Charter flight operators need to follow the same safety measures that major passenger airlines comply with, according to the National Transportation Safety Board (NTSB), which is in the process of investigating a string of recent accidents involving for-hire aircraft.
The latest incident occurred May 13, 2019, when a mid-air collision between two floatplanes near Ketchikan, Alaska killed five people and injured ten others. Both aircraft were conducting “flightseeing” tours that allowed passengers aerial views of scenic attractions.
The aircraft involved in the mid-air collision, says the NTSB, were operating under Part 135 of FAA regulations, which govern the operation of business and charter flights. So was an airplane that crashed Monday in Alaska and the helicopter that crashed in Hawaii April 29.
“While these tragic accidents are still under investigation, and no findings or causes have been determined, each crash underscores the urgency of improving the safety of charter flights by implementing existing NTSB safety recommendations,” said Robert L. Sumwalt, Chairman of the National Transportation Safety Board. “The need for those improvements is why the NTSB put Part 135 aircraft flight operations on the 2019 – 2020 Most Wanted List of transportation safety improvements.”
The NTSB’s safety recommendations call on Part 135 operators to implement safety management systems, record and analyze flight data, and ensure pilots receive controlled-flight-into-terrain avoidance training. Major passenger airlines, which operate under Part 121, have adopted these measures and have seen a great improvement in safety.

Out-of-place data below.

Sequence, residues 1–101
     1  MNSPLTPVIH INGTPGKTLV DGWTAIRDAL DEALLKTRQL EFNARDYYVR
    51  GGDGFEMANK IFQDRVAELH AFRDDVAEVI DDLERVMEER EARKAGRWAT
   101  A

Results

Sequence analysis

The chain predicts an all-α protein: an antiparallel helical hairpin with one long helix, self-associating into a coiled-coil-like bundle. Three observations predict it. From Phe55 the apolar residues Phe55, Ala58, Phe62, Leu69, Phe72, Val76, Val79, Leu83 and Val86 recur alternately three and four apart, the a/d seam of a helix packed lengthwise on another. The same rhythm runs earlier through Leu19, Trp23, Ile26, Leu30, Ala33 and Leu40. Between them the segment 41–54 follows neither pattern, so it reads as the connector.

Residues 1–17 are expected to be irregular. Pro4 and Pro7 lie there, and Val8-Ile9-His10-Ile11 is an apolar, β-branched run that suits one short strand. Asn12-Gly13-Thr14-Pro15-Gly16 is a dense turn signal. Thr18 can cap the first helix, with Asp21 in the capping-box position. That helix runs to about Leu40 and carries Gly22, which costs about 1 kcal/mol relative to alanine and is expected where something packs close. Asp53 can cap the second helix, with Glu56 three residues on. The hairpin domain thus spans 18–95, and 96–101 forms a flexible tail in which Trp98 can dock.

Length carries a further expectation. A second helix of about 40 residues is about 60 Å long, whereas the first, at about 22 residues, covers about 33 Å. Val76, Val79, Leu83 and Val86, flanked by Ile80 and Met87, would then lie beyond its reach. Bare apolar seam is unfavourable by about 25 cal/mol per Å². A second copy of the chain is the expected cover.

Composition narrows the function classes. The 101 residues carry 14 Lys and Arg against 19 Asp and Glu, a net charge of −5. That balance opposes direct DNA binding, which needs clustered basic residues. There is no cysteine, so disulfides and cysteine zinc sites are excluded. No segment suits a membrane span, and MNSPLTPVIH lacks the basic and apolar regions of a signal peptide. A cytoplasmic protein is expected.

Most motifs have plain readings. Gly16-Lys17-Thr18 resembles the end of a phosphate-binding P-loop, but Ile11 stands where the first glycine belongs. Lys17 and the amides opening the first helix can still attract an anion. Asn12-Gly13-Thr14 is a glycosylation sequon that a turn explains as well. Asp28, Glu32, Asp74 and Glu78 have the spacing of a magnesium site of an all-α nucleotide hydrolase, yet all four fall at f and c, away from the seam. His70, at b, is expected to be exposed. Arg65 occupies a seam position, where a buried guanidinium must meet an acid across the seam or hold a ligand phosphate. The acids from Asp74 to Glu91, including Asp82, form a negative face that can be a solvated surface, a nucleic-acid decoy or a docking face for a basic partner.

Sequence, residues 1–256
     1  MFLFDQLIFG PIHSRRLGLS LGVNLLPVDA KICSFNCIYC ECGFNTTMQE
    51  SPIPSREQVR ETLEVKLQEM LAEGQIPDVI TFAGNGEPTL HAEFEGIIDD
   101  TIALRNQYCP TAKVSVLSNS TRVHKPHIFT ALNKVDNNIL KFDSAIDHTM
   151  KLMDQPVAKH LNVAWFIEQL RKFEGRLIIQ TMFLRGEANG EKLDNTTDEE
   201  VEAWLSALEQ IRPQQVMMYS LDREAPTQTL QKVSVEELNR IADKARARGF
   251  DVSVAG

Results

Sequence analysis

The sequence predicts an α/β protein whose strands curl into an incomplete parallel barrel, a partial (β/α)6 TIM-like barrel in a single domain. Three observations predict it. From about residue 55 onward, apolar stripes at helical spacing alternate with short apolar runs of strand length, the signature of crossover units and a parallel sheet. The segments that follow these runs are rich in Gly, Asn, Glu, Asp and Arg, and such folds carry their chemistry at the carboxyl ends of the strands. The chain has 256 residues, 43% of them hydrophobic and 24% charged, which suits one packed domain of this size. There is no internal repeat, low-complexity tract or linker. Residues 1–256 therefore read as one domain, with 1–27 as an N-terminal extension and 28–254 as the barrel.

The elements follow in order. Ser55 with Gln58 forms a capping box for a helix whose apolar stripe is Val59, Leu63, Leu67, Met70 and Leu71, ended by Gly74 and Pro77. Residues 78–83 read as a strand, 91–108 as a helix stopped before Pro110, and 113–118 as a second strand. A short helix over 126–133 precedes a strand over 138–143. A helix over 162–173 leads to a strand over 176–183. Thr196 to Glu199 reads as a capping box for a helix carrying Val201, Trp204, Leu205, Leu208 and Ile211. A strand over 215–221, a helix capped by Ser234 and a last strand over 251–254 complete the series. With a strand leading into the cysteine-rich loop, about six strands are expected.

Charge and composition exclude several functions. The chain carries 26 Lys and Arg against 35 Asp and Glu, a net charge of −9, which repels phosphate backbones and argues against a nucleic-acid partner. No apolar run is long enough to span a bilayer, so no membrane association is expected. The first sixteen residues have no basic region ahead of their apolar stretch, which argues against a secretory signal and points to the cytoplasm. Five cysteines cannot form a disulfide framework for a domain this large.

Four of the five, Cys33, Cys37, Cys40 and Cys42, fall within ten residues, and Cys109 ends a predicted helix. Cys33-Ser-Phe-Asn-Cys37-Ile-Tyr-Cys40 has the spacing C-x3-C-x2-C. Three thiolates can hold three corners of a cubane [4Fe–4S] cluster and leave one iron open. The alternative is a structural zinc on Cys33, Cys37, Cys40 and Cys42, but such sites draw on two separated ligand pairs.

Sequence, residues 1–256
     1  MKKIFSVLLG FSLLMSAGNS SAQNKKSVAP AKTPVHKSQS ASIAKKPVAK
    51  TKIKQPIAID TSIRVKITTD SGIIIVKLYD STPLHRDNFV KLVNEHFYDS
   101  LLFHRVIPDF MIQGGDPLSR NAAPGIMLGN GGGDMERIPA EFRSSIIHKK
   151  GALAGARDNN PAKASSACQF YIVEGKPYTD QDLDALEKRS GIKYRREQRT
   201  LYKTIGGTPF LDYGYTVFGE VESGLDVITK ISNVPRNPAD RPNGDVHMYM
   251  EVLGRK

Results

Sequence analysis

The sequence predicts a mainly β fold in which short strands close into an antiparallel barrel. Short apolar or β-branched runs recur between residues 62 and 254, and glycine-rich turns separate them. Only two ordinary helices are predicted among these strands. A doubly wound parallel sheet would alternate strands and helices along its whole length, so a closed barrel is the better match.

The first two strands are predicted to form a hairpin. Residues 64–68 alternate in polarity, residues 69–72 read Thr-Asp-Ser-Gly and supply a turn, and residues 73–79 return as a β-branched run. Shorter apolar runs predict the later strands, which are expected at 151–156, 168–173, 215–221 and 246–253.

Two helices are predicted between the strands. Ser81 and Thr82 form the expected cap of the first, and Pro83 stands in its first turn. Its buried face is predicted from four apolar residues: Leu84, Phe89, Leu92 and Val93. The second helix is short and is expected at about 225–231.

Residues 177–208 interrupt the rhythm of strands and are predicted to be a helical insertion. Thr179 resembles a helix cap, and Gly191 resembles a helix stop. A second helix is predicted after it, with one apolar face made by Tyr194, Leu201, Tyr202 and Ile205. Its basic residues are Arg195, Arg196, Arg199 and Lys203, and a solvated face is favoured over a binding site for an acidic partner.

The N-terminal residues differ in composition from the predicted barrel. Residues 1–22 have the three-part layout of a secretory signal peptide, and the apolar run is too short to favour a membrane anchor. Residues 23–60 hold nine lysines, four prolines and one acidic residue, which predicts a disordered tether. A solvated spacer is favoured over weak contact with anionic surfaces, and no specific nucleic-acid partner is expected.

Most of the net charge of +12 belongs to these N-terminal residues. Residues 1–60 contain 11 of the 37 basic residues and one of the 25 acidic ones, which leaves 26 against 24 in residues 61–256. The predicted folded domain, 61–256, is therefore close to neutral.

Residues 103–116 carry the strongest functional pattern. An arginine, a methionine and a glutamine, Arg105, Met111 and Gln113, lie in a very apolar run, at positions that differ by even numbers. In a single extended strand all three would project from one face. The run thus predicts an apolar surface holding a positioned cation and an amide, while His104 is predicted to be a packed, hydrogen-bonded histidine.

“A customer who pays for a ticket should trust that the operator is using the industry’s best practices when it comes to safety,’’ Sumwalt said. “And it shouldn’t matter if the operator has one airplane or 100. Travelers should have an equivalent level of safety regardless of the nature of the flight for which they paid.”
The preliminary report on the investigation of the May 13 mid-air collision does not discuss probable cause. The report contains information gathered thus far in the investigation. Determination of probable cause and the issuance of any safety recommendations comes at the end of an investigation. Investigations involving fatalities and other major NTSB investigations currently take between 12 and 24 months to complete.
The preliminary report for the Ketchikan crash is available on the NTSB website at https://go.usa.gov/xmfmQ .
The preliminary report for the Metlakatla crash has not yet been developed.